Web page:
When a gigantic 6.4-km asteroid broke and pieces crashed on Earth

Seven years ago, a big chunk from a massive 6.4-kilometers wide asteroid broke apart and smashed into the Earth. The piece of asteroid has now offered a glimpse into the origin of life.

Just a few days ago, the Earth witnessed the Geminids meteor shower where the Earth annually passes by the debris left behind by the asteroid 3200 Phaethon. But what we look at as bright, glowing lights across the sky are actually small space rocks or meteors that could just as easily get pulled by the Earth and crash onto it. And this is not just a hypothetical possibility, this happens a lot around the planet. Just seven years ago, on November 13, 2015, a piece of a gigantic asteroid fell near the town of Kamargaon in Assam, India. While it did not cause any major destruction owing to the remote region, the meteorite, which weighed 12 kilograms, could have easily taken many lives. So, what caused this asteroid shard to hit the Earth and why has the Kamargaon meteorite become important for us? Find out.

According to a study published in the Journal of Geophysical Research-Planets, this broken asteroid has conveyed a very important piece of evidence to us that points us towards the origin of life itself. The research is conducted by a team at the Indian Institute of Technology (IIT) Kharagpur who claim that the composition and structure of the Kamargaon meteorite can reveal important information about the volatile gasses that help create and sustain life.

How the asteroid shard landed on Earth

The study theorizes that it belongs to the asteroid belt present between Mars and Jupiter. The region is filled with asteroids that revolve around the Sun in their independent orbits. After the parent asteroid, a 6.4-kilometers wide space rock, collided with another, this piece broke off and began moving towards our planet along with some smaller meteorites.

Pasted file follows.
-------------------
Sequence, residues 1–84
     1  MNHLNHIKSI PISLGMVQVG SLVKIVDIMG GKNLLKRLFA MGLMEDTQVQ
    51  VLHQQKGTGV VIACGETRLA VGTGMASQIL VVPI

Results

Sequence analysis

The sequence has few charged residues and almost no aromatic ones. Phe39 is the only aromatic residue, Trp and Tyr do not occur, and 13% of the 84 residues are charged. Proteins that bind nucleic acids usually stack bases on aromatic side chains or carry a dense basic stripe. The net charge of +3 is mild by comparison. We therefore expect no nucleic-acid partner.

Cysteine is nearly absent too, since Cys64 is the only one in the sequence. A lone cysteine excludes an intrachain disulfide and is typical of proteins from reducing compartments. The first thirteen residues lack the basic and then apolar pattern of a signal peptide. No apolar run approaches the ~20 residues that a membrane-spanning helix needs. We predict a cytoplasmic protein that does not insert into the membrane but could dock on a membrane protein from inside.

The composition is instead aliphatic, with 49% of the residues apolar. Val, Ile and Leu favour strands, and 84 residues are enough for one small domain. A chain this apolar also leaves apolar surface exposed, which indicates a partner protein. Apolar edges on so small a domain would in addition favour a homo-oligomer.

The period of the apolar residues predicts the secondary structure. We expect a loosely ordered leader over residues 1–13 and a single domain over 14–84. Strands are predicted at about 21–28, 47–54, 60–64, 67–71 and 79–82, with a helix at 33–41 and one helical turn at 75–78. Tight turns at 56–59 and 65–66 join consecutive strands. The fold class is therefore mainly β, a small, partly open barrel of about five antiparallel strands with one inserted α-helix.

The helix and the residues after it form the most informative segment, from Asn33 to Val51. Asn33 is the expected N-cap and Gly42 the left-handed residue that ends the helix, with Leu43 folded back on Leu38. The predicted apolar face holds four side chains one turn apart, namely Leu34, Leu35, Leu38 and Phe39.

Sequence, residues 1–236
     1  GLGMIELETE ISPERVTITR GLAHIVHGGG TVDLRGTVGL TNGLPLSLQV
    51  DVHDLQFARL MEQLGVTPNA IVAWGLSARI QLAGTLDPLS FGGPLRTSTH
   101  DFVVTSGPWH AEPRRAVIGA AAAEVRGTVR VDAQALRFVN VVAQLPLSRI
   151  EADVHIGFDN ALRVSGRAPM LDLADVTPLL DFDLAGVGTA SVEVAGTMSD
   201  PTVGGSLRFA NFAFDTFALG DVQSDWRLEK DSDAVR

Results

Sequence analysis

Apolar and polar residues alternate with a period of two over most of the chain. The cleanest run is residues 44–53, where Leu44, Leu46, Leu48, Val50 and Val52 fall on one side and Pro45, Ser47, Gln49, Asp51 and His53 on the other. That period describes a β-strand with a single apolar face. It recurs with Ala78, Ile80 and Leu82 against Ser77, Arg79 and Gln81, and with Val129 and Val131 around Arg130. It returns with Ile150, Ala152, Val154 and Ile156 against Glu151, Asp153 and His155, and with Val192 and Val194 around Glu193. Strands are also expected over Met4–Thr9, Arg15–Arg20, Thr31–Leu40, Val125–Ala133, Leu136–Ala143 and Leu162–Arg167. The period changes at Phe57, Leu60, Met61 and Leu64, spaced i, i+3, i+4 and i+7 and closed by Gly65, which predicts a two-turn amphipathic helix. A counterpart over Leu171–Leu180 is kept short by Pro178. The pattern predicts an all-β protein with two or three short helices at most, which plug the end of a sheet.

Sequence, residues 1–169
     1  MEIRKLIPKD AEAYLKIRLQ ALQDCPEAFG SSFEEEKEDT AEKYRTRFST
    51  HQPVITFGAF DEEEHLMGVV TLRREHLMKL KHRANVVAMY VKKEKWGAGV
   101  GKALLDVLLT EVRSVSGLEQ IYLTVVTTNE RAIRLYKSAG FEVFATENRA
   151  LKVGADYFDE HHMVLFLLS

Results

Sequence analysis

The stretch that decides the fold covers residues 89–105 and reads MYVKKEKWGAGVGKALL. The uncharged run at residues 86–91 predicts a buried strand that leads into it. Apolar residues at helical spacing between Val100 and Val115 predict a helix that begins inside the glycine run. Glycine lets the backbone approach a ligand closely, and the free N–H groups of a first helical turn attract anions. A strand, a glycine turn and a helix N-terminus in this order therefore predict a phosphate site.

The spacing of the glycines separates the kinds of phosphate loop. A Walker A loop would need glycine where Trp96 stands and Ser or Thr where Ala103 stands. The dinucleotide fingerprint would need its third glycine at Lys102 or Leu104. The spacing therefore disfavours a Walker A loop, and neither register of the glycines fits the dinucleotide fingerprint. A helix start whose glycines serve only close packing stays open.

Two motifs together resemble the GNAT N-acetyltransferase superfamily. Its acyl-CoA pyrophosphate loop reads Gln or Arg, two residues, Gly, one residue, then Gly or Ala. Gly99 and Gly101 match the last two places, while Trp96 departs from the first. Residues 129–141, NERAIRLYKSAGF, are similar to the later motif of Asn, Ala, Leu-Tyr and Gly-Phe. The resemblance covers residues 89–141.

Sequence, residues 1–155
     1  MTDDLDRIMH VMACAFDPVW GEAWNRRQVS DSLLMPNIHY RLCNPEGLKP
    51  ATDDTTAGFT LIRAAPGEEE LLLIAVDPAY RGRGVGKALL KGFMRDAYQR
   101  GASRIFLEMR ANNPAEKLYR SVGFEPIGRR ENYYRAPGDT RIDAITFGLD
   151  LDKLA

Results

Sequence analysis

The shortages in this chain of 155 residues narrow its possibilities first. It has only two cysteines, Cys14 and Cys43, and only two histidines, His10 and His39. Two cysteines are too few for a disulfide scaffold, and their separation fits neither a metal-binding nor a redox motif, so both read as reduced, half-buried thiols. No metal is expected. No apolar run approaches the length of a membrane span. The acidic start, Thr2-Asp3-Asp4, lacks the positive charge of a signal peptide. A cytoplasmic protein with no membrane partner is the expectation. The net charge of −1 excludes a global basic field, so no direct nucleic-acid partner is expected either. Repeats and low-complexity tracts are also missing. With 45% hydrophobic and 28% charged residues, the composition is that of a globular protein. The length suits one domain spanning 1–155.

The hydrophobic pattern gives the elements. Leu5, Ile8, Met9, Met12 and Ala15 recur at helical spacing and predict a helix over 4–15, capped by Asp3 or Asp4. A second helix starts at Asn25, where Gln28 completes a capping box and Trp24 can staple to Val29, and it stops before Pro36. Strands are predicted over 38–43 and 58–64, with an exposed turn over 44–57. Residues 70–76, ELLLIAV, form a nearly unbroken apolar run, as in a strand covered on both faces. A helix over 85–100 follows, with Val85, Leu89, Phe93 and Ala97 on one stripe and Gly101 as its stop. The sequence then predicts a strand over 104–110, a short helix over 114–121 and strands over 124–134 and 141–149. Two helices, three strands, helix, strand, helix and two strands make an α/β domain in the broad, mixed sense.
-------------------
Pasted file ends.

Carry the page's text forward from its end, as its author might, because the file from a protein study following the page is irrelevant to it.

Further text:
Why is the Kamargaon meteorite important

The researchers have found a systemic type of hole on the asteroid called a vesicle. These vesicles are formed when the gasses trapped within an asteroid begin expanding due to heat and try to escape. This probably happened when the meteorite came in contact with Earth’s atmosphere and the friction caused it to heat up. But this has also highlighted that there was presence of volatile elements such as oxygen, carbon, sodium, manganese and sulfur which are also responsible for creating and sustaining life. Such evidence has been found for the first time in an asteroid belonging to the outer solar system.

This also tells us that these important elements responsible for the origin of life probably existed right at the beginning of the solar system and in fact came straight from stars and star dusts. While a definitive answer is still not possible, this is a big clue in the giant puzzle of our origin.

Source link

Leave a Reply

Your email address will not be published. Required fields are marked *